A study published by Sandra C. Matz, Joe J. Gladstone, and David Stillwell found out that people do spend more when they’re happy. The caveat? ‘Money can indeed increase happiness if it is spent the “right way”,’ they said in their study (link here). They further wrote in the abstract: “We found that individuals spend more on products that match their personality, and that people whose purchases better match their personality report higher levels of life satisfaction.”
That sounds good, right? We’re talking about Christmas in this article, so it only follows that “happiness”—as well as family, friends, warmth, nostalgia, tradition, festivity, and all those positive feelings we associate with the season—should be considered a major anchor for a marketing strategy that is based on a holiday. Now, imagine if you can do it year-round…
Let’s go back to the Disneyland example to further establish this point: back when the first one in Southern California opened, it did so at a time when “family values” were becoming a thing, so it aimed at attracting not just children, but their parents, too. In addition, the design of the first Disneyland also evoked fond memories from Disney’s childhood like Main Street (where it deliberately recreated the idyllic feel of early 20th century small-town America) and even attractions from a generation ago (the 1893 World’s Fair, where Walt’s father worked before he was born).
And, of course, there’s also this song:
And, if it must be said, yes, the song is about peace and unity. It sounds so… Christmas-ey.
The fact that the imagery and message established by Disneyland is still in use despite (or because of) the deep-seated cynicism that seems to prevail in many online communities nowadays means that those are the kinds of values that are relevant, no matter what year we might be living today.
Many businesses evoke those kinds of feelings even outside of Christmas. Why not put your own spin on it?
Love and goodwill to fellow men might be some of the more common messages to Christmas, but as far as action goes, it’s defined by this one trait: giving… or, to put it more specifically, “I give you this, and you give me that.”
This is the work of the Reciprocity Principle, which has been in existence under different theories forwarded by different psychologists and has a shockingly wide array of applications than people give it credit for.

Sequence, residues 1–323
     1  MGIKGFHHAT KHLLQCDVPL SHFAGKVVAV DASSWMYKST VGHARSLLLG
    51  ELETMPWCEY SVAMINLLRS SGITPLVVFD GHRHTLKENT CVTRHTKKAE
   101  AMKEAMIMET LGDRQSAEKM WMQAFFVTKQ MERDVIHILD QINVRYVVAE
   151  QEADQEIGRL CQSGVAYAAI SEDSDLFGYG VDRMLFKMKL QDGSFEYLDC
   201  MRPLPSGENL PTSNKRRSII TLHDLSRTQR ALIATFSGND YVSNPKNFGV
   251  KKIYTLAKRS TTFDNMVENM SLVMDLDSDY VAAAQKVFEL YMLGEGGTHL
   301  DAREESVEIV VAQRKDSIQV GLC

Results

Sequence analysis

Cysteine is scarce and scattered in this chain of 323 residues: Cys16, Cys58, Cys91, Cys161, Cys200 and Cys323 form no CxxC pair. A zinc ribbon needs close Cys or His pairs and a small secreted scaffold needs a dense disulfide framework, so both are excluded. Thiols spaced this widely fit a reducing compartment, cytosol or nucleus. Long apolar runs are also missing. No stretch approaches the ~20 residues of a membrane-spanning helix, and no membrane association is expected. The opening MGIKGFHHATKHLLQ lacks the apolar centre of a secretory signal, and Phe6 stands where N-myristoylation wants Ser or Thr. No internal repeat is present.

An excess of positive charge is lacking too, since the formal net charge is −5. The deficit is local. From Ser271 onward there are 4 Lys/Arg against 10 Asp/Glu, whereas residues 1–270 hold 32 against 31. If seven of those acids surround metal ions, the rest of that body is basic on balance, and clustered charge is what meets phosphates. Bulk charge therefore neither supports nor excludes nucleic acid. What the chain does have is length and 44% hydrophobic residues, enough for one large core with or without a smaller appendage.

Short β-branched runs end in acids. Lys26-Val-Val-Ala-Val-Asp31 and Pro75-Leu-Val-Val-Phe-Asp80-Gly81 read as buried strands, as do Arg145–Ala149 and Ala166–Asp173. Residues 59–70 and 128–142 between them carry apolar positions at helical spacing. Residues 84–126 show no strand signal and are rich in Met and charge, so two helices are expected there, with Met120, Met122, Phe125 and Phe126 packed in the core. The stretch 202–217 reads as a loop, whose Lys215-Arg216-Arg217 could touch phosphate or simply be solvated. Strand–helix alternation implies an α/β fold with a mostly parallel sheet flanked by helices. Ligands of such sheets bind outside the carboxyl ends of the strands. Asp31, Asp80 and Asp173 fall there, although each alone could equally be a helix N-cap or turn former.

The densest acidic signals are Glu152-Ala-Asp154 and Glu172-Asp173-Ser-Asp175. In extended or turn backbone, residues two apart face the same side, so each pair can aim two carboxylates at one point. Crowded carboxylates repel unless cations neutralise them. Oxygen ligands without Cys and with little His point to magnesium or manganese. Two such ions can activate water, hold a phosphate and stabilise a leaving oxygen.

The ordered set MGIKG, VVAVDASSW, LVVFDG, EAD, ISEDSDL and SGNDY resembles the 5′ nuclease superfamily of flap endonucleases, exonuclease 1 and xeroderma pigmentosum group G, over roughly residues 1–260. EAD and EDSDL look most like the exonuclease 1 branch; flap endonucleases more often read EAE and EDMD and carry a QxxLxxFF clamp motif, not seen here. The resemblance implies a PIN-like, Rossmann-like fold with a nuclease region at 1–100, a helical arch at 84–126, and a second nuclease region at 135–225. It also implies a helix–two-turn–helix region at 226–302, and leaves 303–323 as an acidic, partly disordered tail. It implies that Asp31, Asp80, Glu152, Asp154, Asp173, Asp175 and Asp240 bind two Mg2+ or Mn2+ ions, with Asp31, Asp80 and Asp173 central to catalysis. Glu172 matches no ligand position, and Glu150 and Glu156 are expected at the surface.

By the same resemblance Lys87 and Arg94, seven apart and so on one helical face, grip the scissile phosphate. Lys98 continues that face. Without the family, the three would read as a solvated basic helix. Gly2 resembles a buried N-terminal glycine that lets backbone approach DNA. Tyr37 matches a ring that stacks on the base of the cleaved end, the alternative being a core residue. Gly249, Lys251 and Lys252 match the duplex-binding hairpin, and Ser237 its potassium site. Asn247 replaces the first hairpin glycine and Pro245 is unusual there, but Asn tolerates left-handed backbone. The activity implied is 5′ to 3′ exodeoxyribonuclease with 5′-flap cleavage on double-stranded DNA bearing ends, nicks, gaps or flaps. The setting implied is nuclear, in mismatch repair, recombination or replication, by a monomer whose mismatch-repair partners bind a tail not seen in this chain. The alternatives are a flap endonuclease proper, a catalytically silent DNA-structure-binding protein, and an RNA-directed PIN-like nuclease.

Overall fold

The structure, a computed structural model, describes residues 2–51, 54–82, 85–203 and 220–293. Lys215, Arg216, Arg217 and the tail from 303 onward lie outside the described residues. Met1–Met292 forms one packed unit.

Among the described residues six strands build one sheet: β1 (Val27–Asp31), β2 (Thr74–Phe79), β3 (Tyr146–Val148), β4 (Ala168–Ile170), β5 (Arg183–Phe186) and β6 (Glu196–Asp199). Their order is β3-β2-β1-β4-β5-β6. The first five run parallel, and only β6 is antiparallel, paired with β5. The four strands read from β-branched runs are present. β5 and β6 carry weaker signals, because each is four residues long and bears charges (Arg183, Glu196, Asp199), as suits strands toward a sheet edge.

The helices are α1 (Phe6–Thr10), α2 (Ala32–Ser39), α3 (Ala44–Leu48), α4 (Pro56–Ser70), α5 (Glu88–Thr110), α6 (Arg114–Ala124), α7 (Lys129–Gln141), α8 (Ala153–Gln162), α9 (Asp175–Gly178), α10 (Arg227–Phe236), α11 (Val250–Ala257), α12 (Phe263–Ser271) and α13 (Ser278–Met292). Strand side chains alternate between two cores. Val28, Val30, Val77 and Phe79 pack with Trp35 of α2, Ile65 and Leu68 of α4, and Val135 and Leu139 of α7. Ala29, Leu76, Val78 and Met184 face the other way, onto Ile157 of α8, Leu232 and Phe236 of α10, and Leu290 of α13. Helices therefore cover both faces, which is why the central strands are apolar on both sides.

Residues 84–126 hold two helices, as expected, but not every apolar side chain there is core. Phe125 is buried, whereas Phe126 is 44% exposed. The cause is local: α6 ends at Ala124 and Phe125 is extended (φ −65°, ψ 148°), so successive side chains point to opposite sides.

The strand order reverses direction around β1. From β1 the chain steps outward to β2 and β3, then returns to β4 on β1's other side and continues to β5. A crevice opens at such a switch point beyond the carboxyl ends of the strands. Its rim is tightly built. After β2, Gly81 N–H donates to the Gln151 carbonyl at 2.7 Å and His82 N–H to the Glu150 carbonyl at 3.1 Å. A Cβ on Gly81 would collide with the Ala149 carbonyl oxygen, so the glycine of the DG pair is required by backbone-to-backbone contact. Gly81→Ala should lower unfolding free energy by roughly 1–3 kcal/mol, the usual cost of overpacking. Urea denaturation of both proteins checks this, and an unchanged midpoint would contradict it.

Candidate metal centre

For the purpose of this piece, we’d do well to refer to Dr. Robert Cialdini’s very specific example on said theory; in his book ‘Influence: The Psychology of Persuasion’, he shared a case study of waiter who found his tip increasing to about 3% when he gave an after-meal mint to diners, but later on found the rate to more than doubling to about 14% when two mints were given instead of one. Here’s the more telling finding: when the waiter left one mint with the bill but then returned to offer a second mint as he was about to take the check back, the tips increased to around 23%. Those are heavy figures.
There’s a reason why businesses giving simple “gifts” to their customers—like deals, discount, add-ons, and the occasional freebie—has been one of the go-to strategies by marketers for years; it shows that a business values their customers, which helps develop their loyalty to the former, in turn.
Do it right, and this will even help you in upselling your business. The flip side to that, of course, is when you do it frequently enough, it will give off the impression to your customers that you’re just giving them perks because you want them to buy from you—nothing wrong with that per se, but customers today are just more keen to spot blatant hard sells than they were, say, 50 years ago.
So, what other psychiatric “tricks” do you think we should have tackled with this piece? We would love to hear your feedback! Email us at firstname.lastname@example.org so we can have a chat!